THE BETTER CROP PROGRAM DEVELOPED FOR FARMERS AND GROWERS IN CHINA
Part 08 | How to Plant and Prepare for Consistent Apple Growth Every Year
The RLF Nutrition Education Centre has written a series of articles to not only help educate the staff Teams who go into the field, but in terms that clearly explain the principles of crop nutrition and fertiliser management for farmers and growers all across China. We are replicating some of these programs in this Series of articles because the message is such an important one.

INTRODUCTION

The RLF Nutrition Education Centre has written a series of articles to not only help educate the staff Teams who go into the field, but in terms that clearly explain the principles of crop nutrition and fertiliser management for farmers and growers all across China. We are replicating some of these programs in this Series of articles because the message is such an important one.

Crop production is complex and comprehensive, and this article looks specifically at the issue of planning and preparing for the cycle known to apple growers as the ‘big and small year cycle’.

Apple growers inevitably will experience ‘big and small’ years – this is a well-known phenomenon.

Generally speaking, when the yield of fruit trees in the current year is over 20% lower than that of the previous year’s growth and yield, the phenomenon of ‘big and small year’ can be considered. A year with a lot of fruit is a ‘big year’, and a year with little or no fruit is a ‘small year’. The frequent alternation of this cycle however will ultimately reduce the yield and quality of the apples and quickly lead to the weakening of the tree. This attracts aggravating diseases and insect pests and shortens the productive life of the apple trees.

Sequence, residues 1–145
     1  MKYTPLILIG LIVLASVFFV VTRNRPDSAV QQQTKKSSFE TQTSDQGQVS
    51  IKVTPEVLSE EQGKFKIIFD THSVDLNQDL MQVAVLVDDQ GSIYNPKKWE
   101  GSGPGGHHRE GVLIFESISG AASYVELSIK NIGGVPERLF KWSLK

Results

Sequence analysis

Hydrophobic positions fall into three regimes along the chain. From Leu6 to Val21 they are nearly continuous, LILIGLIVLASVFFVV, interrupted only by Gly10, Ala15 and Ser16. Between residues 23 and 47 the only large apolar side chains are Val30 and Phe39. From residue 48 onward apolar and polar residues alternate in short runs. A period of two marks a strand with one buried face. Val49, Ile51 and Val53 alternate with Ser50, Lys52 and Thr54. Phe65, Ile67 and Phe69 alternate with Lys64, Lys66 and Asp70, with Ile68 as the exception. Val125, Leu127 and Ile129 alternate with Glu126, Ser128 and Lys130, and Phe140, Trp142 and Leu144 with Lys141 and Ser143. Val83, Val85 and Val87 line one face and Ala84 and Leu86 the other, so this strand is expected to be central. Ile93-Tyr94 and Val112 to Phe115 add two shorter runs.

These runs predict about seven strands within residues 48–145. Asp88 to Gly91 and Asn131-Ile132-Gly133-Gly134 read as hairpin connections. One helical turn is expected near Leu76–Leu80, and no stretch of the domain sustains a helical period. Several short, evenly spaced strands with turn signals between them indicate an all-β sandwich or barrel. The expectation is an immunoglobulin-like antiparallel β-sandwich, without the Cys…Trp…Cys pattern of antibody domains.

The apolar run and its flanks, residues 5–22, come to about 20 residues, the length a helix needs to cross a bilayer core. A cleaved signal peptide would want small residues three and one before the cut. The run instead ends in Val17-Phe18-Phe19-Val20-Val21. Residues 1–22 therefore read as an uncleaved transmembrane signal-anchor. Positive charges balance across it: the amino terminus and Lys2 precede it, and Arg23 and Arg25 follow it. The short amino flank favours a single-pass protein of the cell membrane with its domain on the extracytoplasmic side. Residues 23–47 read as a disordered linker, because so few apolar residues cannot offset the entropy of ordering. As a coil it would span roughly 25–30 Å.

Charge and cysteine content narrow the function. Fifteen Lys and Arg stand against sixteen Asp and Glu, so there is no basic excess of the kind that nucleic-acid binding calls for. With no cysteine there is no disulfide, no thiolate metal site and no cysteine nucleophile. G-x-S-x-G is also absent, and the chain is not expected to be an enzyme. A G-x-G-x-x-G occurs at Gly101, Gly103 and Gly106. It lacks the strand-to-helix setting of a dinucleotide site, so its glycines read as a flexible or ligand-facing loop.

‘Big and small year’ occurs because of issues such as climate and light. But the leading cause is improper field management with low nutrient supply to the flower buds during this stage of crop development.

  • In the ‘big year’, most of the nutrients are absorbed and used by the fruit, which then reduces the nutrients available to
    the branches and this prevents the fruit tree from forming many flower buds the following year.
  • In the ‘small year’, the number of apples is small, so the accumulation of nutrients in the branches will increase, which
    creates good conditions for the differentiation of flower buds. So, after a short year, the apple production will increase significantly, and then form the next ‘big year’.

And so, the cycle continues.

SUGGESTED GENERAL MANAGEMENT MEASURES

1. Strengthen the management of soil, fertiliser and water in the orchard. Farmers need to pay more attention to balanced nutrition and timely irrigation.
 
2. Reasonable shaping and trimming. Farmers need to control the number of flower buds and promote the differentiation
of flower buds through pruning in a ‘big year’.
 
3. Controlling the amount of fruit in a ‘big year’ lays the foundation for growth and fruit in the coming year. In a ‘small year’, farmers need to leave more flower buds and undertake artificial auxiliary pollination, foliar spray the required nutrients and irrigate during the flowering period to keep flower and fruit.

THE RLF BETTER APPLE PROGRAM

For the problem of ‘big and small years’ in apple planting, the RLF Technical Team has conducted the Better Apple Program over a number of years.

By irrigating with RLF Plant Milk High-K and foliar spraying with RLF Fruits and Veggies Plus effectively solves the problem for
apple growers.

The RLF Better Apple Program has been promoted and used by apple growers in Yantai City, Shandong Province, for many years now and it has been widely praised and trusted by them.

According to the feedback received from the farmers, this crop nutrition program can effectively solve the problem of the ‘big and small years’, and achieve the uniform colour of apples as well as increased sugar content which plays a positive role in improving the quality of fruits and increasing the income of farmers.